The tight link between visuospatial attention and eye movements has been well-established from behavioral and neurophysiological studies. Moreover, neuroimaging evidence strongly supports the hypothesis that oculomotor areas provide signals for overt and covert shifts of attention. However, albeit in a more complex way, visuospatial attention interacts also with other goal-directed motor systems, such as those controlling limbs for common visually-guided tasks (e.g., ambulation or pointing, reaching and manipulating salient objects). Furthermore, early motor deficits might affect the development of the attentional system. In the present study we tested visuospatial attention abilities in 7 children (5 males, mean age: 11.6 years) with cerebral palsy (CP), which is one of the most common cause of physical disability in childhood. All CP subjects suffered from spastic hemiplegia or diplegia. Visuospatial attention was investigated by recording eye movements while subjects executed visually-guided saccades randomly towards one of 4 possible positions marked by placeholders equally distributed around a central fixation cross. A cueing paradigm was also administered: a placeholder flashed for 50 ms (cue) at the same spatial position of the target (valid condition), or at a different location (invalid condition). The visual cue did not predict the position of the target, whose onset occurred 150 ms later. Saccade latency and accuracy of CP subjects were compared with those of a typically developing (TD) reference group of 13 participants (mean age: 12.3 years). On average, CP and TD subjects showed a similar performance in the saccadic task, being both groups quick to react to the onset of the visual target. Moreover, in the spatial cueing task, a coupling between the task-irrelevant location of the cue and the direction of a following overt shift of attention emerged, being saccadic latencies of CP and TD subjects faster to valid targets. However, PC children were more frequently (on mean, in 30% of trials) attracted by the onset of the cue, suggesting the tendency to execute ocular movements towards the target of the exogenous attention. Furthermore, during the fixation of the central cross, the CP group often performed saccadic intrusions, which were always aimed at orienting the gaze to one of the placeholder. This occurred irrespectively of whether CP children executed the saccadic or the cueing task and clearly shows a difficulty of patients to suppress overt ocular movements towards the target of the endogenous attention. From a clinical perspective, the present work encourages efforts to design reliable procedures, using eyetracking techniques combined with cognitive protocols, aimed at improving the assessment of people suffering from motor impairments, in the field of neuropsychological, neurological and psychiatric aspects. Indeed, motor deficits make often difficult to apply procedures typically employed by clinicians and cognitive neuropsychologists, like paper-and-pencil tests or manual reaction time paradigms. This represents a crucial limitation in the diagnostic and rehabilitative fields considering that the brain damage that leads to CP, as well as to other neurological disorders affecting muscle tone, movement and motor skills, is usually accompanied by other deficits including visuospatial attention abilities.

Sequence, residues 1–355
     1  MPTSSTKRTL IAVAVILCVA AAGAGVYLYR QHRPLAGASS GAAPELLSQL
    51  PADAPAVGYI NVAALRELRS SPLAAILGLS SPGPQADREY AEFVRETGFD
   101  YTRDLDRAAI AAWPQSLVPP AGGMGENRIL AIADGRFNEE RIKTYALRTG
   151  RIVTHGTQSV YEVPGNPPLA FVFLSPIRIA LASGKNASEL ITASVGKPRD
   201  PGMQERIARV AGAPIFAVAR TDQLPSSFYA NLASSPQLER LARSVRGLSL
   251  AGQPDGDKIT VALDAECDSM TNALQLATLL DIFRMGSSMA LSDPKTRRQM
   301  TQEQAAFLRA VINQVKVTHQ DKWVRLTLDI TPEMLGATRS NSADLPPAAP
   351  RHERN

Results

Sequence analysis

|Numero di pagine||2|
|Stato di pubblicazione||Pubblicato - 2014|
|Evento||XXII Congresso Nazionale della Società Italiana di Psicofisiologia - SIPF - Firenze|
Durata: 27 nov 2014 → 29 nov 2014
- Cerebral palsy
- Eye movement